5U.S. Appl. No. 11/327,256, Inventor: Massimo Fischetti et al., Title: Higher Performance CMOS on (110) Wafers, filed Jan. 6, 2006.
6Yang, H.S., et al., "Dual stress liner for hugh performance sub-45 nm gate length SOI CMOS manufacturing", International Electron Devices Meeting (IEDM), Piscataway, NJ, (IEEE) Cat. No. 04CH37602), pp. 1075-1077.
Referenced by
Citing PatentFiling datePublication dateApplicantTitle
US7812398 *Mar 9, 2009Oct 12, 2010Hitachi, Ltd.Semiconductor device including a P-type field-effect transistor
US8106462Jan 14, 2010Jan 31, 2012International Business Machines CorporationBalancing NFET and PFET performance using straining layers
US8445969Apr 27, 2011May 21, 2013Freescale Semiconductor, Inc.High pressure deuterium treatment for semiconductor/high-K insulator interface
US8466513Jun 13, 2011Jun 18, 2013Semiconductor Components Industries, LlcSemiconductor device with enhanced mobility and method
US8778764Jul 16, 2012Jul 15, 2014Semiconductor Components Industries, LlcMethod of making an insulated gate semiconductor device having a shield electrode structure and structure therefor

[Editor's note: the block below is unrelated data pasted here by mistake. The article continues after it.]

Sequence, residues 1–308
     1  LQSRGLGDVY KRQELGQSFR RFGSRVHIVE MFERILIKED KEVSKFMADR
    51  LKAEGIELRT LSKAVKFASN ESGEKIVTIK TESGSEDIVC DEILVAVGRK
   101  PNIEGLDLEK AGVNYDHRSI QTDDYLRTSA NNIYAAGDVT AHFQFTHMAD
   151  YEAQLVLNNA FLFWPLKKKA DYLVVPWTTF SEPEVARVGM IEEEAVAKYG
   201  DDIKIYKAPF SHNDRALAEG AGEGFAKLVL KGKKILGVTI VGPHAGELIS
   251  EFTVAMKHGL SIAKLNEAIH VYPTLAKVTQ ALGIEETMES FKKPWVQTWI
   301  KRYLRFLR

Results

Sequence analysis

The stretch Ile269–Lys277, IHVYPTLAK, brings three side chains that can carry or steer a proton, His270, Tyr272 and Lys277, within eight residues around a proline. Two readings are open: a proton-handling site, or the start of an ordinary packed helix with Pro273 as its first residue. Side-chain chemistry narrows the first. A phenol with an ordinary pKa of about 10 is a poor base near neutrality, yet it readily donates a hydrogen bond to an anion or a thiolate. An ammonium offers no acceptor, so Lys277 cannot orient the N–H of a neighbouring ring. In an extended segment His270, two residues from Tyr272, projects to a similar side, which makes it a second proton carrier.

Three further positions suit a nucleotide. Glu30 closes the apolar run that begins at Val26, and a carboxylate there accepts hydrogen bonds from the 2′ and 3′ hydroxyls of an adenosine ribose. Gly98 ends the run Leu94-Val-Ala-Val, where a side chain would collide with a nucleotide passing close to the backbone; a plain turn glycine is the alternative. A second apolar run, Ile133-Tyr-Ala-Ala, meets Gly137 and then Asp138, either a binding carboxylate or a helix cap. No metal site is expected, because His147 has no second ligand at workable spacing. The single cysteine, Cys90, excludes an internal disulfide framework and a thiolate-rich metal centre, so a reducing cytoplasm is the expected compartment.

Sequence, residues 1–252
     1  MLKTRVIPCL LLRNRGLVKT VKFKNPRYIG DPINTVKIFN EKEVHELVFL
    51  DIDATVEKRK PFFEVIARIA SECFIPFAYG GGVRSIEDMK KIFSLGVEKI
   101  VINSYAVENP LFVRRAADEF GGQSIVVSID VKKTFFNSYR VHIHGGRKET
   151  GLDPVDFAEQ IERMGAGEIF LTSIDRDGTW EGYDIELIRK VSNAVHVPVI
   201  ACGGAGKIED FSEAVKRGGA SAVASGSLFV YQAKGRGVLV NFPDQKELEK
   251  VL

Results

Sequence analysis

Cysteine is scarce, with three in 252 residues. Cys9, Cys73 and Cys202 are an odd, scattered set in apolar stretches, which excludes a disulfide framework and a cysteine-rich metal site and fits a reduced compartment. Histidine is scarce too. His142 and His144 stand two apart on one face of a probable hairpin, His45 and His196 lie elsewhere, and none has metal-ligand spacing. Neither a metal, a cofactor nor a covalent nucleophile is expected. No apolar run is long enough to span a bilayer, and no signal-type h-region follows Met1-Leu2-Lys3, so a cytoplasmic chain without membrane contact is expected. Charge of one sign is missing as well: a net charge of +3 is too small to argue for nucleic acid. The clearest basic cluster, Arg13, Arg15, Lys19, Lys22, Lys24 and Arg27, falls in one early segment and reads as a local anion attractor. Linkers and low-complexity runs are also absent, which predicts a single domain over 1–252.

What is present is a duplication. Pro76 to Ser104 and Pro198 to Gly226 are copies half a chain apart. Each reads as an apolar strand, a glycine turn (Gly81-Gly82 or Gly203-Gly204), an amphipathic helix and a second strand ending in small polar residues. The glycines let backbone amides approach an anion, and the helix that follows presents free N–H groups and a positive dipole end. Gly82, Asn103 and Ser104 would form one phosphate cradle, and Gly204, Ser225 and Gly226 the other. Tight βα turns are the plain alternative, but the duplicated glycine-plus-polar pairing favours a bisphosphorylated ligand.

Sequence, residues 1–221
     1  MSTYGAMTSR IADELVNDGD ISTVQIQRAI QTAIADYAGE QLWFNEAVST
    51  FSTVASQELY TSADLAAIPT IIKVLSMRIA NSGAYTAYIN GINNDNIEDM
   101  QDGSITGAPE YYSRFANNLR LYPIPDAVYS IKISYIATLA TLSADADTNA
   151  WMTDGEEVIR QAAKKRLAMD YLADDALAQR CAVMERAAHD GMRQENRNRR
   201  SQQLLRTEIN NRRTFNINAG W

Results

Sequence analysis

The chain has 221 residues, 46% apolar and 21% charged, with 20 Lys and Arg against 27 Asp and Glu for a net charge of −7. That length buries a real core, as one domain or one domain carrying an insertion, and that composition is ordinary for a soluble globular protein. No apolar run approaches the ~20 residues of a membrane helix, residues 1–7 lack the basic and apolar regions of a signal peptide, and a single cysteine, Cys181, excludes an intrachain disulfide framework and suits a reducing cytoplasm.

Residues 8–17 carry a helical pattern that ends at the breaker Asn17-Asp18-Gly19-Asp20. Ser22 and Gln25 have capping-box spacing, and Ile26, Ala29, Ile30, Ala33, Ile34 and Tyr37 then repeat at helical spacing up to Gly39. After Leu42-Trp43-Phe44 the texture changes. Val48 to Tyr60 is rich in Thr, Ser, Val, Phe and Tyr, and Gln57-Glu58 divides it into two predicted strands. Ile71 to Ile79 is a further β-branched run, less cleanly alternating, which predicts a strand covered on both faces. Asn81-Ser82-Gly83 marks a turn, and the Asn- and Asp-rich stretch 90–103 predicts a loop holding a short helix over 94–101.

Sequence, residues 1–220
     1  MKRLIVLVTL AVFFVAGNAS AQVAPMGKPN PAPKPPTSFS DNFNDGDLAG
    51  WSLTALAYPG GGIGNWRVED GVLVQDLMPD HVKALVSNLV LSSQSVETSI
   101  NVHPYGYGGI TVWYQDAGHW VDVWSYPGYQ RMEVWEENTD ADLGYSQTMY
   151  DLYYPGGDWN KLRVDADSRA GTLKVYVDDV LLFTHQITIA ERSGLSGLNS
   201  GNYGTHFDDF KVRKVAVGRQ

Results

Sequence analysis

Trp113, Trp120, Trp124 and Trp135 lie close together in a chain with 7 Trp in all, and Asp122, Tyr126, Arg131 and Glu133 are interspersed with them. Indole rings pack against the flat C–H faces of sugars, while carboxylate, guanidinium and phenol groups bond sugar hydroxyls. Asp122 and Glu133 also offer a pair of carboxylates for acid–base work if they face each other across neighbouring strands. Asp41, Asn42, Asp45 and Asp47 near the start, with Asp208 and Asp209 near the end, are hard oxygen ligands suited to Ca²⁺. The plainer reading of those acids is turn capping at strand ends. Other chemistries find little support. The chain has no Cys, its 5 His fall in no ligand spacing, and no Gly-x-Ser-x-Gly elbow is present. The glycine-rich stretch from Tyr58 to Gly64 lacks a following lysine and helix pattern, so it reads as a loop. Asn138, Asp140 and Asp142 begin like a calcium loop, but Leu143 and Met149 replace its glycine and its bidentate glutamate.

US20100019322 *Jul 23, 2008Jan 28, 2010International Business Machines CorporationSemiconductor device and method of manufacturing
Classifications
U.S. Classification257/369, 257/E21.633, 257/E21.415, 257/351, 257/347, 257/255, 257/288
International ClassificationH01L21/00
Cooperative ClassificationH01L29/045, H01L29/7843, H01L21/823807
European ClassificationH01L29/78R2, H01L21/8238C, H01L29/04B
Legal Events
DateCodeEventDescription
Apr 18, 2013SULPSurcharge for late payment
Apr 18, 2013FPAYFee payment
Year of fee payment: 4
Dec 10, 2012REMIMaintenance fee reminder mailed
Sep 6, 2007ASAssignment
Owner name: INTERNATIONAL BUSINESS MACHINES CORPORATION, NEW Y
Free format text: ASSIGNMENT OF ASSIGNORS INTEREST;ASSIGNORS:YIN, HAIZHOU;SAENGER, KATHERINE L.;SUNG, CHUN-YUNG;AND OTHERS;REEL/FRAME:019791/0480
Effective date: 20070829